What is Processor (CPU)?

Processors, called central processing units and with a terminological acronym CPU, were home to thousands of transistors when they first came into our lives in the 1970s, and now millions of transistors are combined on a silicon chip. Processors capable of arithmetic and logical processing can be expressed as the part of computers that processes data and performs software commands. After the introduction of the first microprocessor Intel 4004 in 1970 and the Intel 8080, a large-scale microprocessor, in 1974, the development to date led to the use of the term MIB instead of microprocessors. While the speed units of the processors, which vary depending on the architecture and production technology used, are expressed as HZ, MHZ and GHZ, we see processors that are usually the speed unit GHz today with the developing technology. The advantages of producing MIBs on a single mold in this field have helped to bring the clock speeds around 10 MHz to GHz levels today. CPUs consist of two basic units, called ALU (Arithmetic Logic Unit) and CU (Control Unit).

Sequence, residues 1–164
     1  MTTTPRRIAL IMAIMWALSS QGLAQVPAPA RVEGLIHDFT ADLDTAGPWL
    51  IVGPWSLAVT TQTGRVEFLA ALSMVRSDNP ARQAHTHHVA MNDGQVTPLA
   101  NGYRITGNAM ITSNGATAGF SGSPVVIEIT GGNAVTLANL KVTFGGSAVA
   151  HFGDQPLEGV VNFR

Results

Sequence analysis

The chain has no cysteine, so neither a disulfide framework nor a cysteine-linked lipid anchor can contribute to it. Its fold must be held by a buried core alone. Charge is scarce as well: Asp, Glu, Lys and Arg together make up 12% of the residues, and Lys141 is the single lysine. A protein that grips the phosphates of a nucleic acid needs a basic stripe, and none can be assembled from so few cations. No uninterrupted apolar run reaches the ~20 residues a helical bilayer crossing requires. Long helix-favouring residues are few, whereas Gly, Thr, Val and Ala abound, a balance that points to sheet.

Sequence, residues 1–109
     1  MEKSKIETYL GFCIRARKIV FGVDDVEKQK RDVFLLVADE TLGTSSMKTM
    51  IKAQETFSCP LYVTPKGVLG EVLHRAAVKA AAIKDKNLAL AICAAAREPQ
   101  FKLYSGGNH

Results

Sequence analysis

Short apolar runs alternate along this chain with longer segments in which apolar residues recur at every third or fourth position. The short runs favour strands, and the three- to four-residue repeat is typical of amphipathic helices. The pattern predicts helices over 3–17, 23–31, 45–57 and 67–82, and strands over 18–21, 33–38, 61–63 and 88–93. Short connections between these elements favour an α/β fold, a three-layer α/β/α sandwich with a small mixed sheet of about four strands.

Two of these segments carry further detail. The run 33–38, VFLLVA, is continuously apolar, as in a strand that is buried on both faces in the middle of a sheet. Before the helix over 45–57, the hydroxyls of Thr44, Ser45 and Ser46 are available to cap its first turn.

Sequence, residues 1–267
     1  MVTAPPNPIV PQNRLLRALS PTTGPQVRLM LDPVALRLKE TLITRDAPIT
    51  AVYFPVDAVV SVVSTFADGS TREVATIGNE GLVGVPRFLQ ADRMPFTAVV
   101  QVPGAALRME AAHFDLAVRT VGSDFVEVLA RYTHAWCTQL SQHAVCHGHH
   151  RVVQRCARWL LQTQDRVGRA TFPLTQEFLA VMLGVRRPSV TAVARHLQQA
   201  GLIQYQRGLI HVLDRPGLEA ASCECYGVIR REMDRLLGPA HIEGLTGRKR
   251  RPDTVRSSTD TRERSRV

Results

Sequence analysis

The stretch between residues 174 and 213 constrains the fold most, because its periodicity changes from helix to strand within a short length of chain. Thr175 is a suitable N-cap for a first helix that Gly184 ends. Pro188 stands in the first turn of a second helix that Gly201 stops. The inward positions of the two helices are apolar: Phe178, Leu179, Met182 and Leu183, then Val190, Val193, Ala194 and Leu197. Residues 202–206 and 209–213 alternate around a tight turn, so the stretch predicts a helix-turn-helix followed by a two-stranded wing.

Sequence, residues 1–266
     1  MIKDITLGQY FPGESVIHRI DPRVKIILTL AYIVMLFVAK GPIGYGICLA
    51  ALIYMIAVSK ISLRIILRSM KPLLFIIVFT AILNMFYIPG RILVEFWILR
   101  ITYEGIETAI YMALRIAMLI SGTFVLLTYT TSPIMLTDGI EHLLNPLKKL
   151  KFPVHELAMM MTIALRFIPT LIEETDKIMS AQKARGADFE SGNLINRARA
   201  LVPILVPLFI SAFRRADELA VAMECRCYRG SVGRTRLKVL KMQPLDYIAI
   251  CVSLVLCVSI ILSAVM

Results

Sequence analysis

• It is responsible for performing all logical and arithmetic operations.
  • They have tasks such as aggregation, subtraction, number, letter, comparison between special characters, determining whether they are equal in comparison operations, determining whether they are smaller or larger, and so on.

CU ;

  • Regulates the flow of electrical signals and processes within the computer.
  • Interprets commands and ensures that they are fulfilled.
  • Helps load data and instructions contained in secondary memory into master memory.
  • Allows the command to proceed with regular steps.
  • The central processor's communication with memory and input and output units is controlled by external control signals.

CPU Operating Principle